With the Pro Women we saw tight action with Kristie Manz, Sue George and Theresa Richardson taking the top three.

Master rider Fred Whittwer continues to tear it up, clocking times that rival riders that are younger than him! Overheard by this reporter while Fred was climbing the Grouse Trail for the second time "I die outside". Hey Fred, I like it better when you say "I smile outside!" and ham it up for the camera.

Mark Lattanzi grabbed the first place finish in the Vet Sport category, following up his first place finish of last year in the Beginner Category, which was his first mountain bike race ever. Not a bad follow up with jumping up a category, and a winning finish!! He enjoyed the punishment of the course, and said of his win, "it almost makes all the bruises worth it-almost!"

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Team Trek is having fun
After being convinced to race and in a mad scramble to gather equipment, Erin Johnston in her first race ever, flew to the finish. She was riding a "Demo" Trek Fuel, which was graciously loaned to her by Trek rep and super nice guy Rick Bartels, who was at the race with the Trek Demo Tour! Erin, who was not only not planning on racing, but wasn't even planning on coming, showed some fine form after she managed to ignore all of the advice from her well meaning friends who pushed her to compete. Erin found racing to be "super fun" and will definitely do it again! You go girl!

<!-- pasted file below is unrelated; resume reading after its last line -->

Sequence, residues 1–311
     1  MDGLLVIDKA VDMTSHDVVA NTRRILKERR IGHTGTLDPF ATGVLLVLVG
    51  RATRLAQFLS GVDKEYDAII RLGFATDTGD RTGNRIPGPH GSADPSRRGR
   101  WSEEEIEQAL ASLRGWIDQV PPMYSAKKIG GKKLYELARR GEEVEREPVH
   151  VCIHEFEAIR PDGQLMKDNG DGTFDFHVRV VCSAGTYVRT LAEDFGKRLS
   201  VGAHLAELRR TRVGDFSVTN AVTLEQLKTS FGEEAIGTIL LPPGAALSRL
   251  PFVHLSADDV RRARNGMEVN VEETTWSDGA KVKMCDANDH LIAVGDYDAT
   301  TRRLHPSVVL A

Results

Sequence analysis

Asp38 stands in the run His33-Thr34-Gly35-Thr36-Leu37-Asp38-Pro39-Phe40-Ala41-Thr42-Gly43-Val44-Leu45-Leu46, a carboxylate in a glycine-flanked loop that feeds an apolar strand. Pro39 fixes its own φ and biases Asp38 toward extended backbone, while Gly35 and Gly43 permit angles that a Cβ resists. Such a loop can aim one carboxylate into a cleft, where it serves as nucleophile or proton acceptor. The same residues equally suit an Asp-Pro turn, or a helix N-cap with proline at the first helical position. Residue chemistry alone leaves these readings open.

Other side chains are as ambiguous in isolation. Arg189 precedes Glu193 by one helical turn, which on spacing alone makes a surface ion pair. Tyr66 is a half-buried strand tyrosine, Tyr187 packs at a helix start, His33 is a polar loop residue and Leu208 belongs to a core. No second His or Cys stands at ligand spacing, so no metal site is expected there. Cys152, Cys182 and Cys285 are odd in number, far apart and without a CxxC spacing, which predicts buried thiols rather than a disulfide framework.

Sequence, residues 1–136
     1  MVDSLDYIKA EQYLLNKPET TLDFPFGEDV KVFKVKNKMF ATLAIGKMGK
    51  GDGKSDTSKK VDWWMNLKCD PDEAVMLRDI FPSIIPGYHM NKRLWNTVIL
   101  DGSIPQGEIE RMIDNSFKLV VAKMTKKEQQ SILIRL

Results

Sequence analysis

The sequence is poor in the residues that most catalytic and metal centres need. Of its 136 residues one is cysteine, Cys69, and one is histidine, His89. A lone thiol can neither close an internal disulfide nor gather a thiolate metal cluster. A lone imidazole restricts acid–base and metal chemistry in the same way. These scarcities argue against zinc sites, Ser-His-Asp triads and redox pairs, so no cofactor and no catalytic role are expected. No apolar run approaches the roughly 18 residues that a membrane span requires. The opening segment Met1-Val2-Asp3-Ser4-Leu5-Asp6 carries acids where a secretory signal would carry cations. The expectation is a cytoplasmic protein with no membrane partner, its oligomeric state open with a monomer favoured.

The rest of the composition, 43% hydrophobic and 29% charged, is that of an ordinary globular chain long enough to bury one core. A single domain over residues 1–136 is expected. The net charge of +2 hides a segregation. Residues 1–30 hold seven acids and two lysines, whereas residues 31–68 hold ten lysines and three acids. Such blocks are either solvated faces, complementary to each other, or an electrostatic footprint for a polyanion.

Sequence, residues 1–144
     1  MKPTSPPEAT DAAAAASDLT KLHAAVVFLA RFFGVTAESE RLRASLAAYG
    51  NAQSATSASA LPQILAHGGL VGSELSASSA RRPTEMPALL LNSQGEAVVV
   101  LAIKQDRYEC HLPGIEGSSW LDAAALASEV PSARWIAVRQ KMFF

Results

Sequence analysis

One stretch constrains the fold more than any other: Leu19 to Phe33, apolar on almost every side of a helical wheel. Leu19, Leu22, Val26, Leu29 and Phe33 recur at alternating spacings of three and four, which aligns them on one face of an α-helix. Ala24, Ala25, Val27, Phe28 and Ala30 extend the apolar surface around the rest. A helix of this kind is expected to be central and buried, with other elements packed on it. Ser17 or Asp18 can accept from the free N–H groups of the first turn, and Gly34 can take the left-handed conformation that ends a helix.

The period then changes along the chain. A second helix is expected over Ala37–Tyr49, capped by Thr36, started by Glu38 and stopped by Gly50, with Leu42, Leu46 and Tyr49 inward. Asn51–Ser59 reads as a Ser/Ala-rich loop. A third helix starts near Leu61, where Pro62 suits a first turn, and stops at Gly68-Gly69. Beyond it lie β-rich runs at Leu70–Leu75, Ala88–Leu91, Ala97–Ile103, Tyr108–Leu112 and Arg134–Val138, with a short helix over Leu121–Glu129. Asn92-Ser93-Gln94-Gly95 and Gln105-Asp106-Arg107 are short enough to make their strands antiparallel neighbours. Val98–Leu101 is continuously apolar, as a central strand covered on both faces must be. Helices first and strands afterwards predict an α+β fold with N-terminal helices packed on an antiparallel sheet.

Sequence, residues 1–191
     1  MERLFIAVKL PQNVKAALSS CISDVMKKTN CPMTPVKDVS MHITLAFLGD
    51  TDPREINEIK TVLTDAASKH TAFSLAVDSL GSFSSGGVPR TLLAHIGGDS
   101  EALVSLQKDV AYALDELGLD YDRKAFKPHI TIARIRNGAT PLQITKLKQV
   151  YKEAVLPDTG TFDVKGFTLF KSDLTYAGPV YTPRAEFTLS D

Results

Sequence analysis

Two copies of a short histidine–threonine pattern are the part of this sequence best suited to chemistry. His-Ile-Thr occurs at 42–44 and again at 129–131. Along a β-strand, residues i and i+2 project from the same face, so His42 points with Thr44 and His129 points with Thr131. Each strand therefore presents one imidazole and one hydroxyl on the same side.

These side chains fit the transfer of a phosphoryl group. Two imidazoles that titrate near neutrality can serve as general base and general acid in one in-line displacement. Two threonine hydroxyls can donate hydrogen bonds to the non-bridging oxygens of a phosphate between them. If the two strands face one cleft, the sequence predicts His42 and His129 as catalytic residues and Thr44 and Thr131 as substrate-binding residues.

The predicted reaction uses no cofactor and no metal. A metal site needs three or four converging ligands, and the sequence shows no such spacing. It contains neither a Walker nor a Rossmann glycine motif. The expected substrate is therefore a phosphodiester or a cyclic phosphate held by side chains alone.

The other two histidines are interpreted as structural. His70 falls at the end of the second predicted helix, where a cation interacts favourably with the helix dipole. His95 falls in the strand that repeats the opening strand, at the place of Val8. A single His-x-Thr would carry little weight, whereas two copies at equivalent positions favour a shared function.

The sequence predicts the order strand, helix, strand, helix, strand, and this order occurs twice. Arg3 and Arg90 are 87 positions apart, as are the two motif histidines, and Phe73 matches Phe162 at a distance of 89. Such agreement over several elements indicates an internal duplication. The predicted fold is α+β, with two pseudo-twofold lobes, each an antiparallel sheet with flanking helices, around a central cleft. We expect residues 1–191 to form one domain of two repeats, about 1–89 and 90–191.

Racers were greeted at the finish line with a spaghetti meal and fine tunes over the loudspeaker. And lolling in the spring sunshine just couldn't be beat. As always, Kyle and Debbie Inman put on a fine race, in a spectacular venue. Be sure you turn out for the next race in the series, Middle Mountain Momma, on May 20, which is billed as 'the finest course in the world'.

Report from the XXC Racer "Diesel Powers"

I left my home state of West Virginia Friday right after work for New Castle, Virginia, to ride and race the Dragons Back. We camped in the Jefferson National Forest six miles out on a dirt forest road. I rode the course on Saturday, an 18 miles figure eight with over 4000 feet of climbing. I had all intentions of competing in the VetX points series. When nerves work me up at three in the morning I decided at that time I would switch classes and race the Double X class that started at nine the next morning. The XX is a track that is twice as long as the Expert course, the only exception is it basically one big loop. This covered about 15 miles on the ridge of North Mountain, on what is known as the Dragons Back, a very rocky ridge that goes up and down and, in spots, may only be ten feet wide with a trail running down the middle. Talk about scenic panoramas! Views as far as the eye could see from this 4000 foot plus mountain.